The Dak Prescott-Jerry Jones contract impasse dominated the offseason Dallas headlines, but it turned out to be irrelevant. Prescott is back (as expected) and well-compensated (as expected) thanks to the franchise tag. And with Mike McCarthy replacing Jason Garrett as head coach, CeeDee Lamb joining an already-loaded receiving corps, and Everson Griffen adding juice to the pass rush, the 2020 Cowboys are legitimate Super Bowl contenders (as expected every year, though it never quite works out that way).
The Dallas Cowboys and their range of outcomes
McCarthy spent his countryside-retreat gap year doing more than just sweating all of the Aaron Rodgers toxicity out of his system. He rekindled his love of offensive creativity, allowing him to work with returning offensive coordinator Kellen Moore and design an offense that gets the most out of its many playmakers while avoiding Garrett’s frequent Coaching 101 blunders. The bolstered defensive line compensates for a thin secondary, allowing the Cowboys to dominate the weak NFC East and host some playoff games in Jerry World.
McCarthy’s brochure-sized playbook returns (it contains both types of passing concepts: slants and flats!). The departures of Byron Jones (Dolphins) and Travis Frederick (retirement) weaken the secondary and the offensive line. The Cowboys continue to get ambushed by beatable opponents and make fundamental mistakes in critical situations, resulting in another year of hovering around .500.
Prescott’s receivers dropped 36 passes last year, the highest total in the NFL. Michael Gallup finished second in the league to Julian Edelman with 11 drops, departed free agent Randall Cobb (Texans) added eight. Drop rates for receivers and quarterbacks bob up and down with little year-to-year correlation, so don’t be surprised if Prescott’s numbers get a little better simply because his receivers make fewer mistakes.
A new-look defense
Per Sports Info Solutions, the Cowboys used some variation of Cover-3 coverage on 218 opponent pass attempts last season, the second-highest figure in the league (the Chargers used it on 274 pass attempts). New defensive coordinator Mike Nolan prefers to emphasize single-high man defense, something the Cowboys used on 139 pass attempts last season (16th in the NFL).
With Byron Jones gone, more man coverage will put more pressure on replacement Anthony Brown and rookies Trevon Diggs and Reggie Robinson. Then again, adapting to the Seahawks-style Cover-3 the Cowboys used last year wouldn’t have been easy for the rookies, either.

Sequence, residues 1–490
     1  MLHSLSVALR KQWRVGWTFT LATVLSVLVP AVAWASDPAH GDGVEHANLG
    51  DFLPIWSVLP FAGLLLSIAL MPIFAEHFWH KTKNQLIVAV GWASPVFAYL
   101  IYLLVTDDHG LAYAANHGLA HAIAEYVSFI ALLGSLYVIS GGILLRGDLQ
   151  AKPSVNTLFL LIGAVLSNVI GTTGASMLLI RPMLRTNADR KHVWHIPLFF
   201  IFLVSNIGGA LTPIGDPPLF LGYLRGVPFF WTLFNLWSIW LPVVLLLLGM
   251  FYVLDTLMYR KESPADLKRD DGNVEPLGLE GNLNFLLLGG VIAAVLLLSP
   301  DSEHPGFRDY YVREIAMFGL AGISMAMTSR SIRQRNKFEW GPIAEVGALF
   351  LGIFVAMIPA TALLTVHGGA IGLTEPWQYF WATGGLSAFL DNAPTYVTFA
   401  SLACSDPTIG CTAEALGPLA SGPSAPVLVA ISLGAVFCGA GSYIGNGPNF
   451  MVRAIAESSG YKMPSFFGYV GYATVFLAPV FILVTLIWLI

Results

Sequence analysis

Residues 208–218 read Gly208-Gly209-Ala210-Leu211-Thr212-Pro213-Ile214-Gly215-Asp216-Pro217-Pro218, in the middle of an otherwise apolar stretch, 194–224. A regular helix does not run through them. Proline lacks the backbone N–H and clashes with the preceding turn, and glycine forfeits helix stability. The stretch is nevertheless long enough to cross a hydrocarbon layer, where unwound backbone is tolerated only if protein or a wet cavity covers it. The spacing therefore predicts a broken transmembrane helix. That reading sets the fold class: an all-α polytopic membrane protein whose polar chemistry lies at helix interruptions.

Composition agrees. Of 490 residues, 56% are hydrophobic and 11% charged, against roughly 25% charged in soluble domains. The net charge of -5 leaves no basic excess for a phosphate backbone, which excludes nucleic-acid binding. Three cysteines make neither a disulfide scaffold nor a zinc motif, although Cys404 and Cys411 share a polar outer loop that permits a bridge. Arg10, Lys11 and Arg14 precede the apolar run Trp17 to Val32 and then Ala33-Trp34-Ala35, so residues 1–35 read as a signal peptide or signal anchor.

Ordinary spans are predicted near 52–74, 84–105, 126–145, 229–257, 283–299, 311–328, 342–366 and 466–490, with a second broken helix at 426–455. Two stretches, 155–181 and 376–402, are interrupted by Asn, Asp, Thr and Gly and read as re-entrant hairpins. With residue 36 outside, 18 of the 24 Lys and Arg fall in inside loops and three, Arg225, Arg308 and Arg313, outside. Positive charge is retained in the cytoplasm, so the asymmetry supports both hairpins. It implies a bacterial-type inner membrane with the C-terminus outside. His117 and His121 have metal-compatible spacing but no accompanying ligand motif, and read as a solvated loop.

The offensive line
When Joe Looney replaced Frederick at center during the 2018 season, he was charged with nine blown blocks on passing plays and eight on runs, per Sports Info Solutions. Frederick, by contrast, was charged with 12 and 10 last year and eight and 15 in 2017. Frederick’s absence will be felt in ways that can’t be measured by counting blown blocks, but Looney is an experienced backup, and stalwarts Tyron Smith and Zack Martin are still in their prime, so don’t expect the Cowboys running game or pass protection to collapse.
Ezekiel Elliott led the NFL in red-zone carries with 59, ranked fourth in the league in carries inside the 10-yard line with 31 (the leaders all had 32), and tied for ninth in carries inside the five-yard line with 12. He tied Dalvin Cook for the league lead with nine goal-line touchdowns. McCarthy is likely to spread the ball around in the red zone more than the arch-conservative Garrett, but Elliott should still get the call around the goal line often, and the Cowboys line remains stout enough to help him punch it in.
Amari Cooper is a well-established fantasy heartbreaker, and last season was no exception: 22 catches for 373 yards in his two biggest games (Packers, Vikings), four catches for 41 yards in the games immediately following them, and lots of variation and mystery in between. With Lamb and Gallup around, Cooper’s disappearances could grow more frequent. If you draft Cooper as your WR2, trade him immediately after his annual 200-yard game. You’ll be happy that you did.
The Cowboys should have won 11 games last season according to Football Outsiders metrics. They went 8-8 thanks to Garrett’s ability to step on every strategic rake in the garden and their talent for stringing failures together (a fourth-down stop followed by blown deep coverage in the Jets loss; a Josh Allen fumble-rumble fourth-down conversion followed by a Philly Special touchdown in the Thanksgiving loss to the Bills, etc).
The Cowboys are potential Super Bowl contenders who spent the last two seasons playing as if they’re letting fans on an Eagles subreddit write their script. If they can finally eliminate all the unforced errors, don’t be shocked if McCarthy is a Coach of the Year candidate, Prescott earns MVP talk, and Jones tries to take all the credit for a deep playoff run this year.
Dallas Cowboys 2020 Prediction
11-5, first place in the NFC East.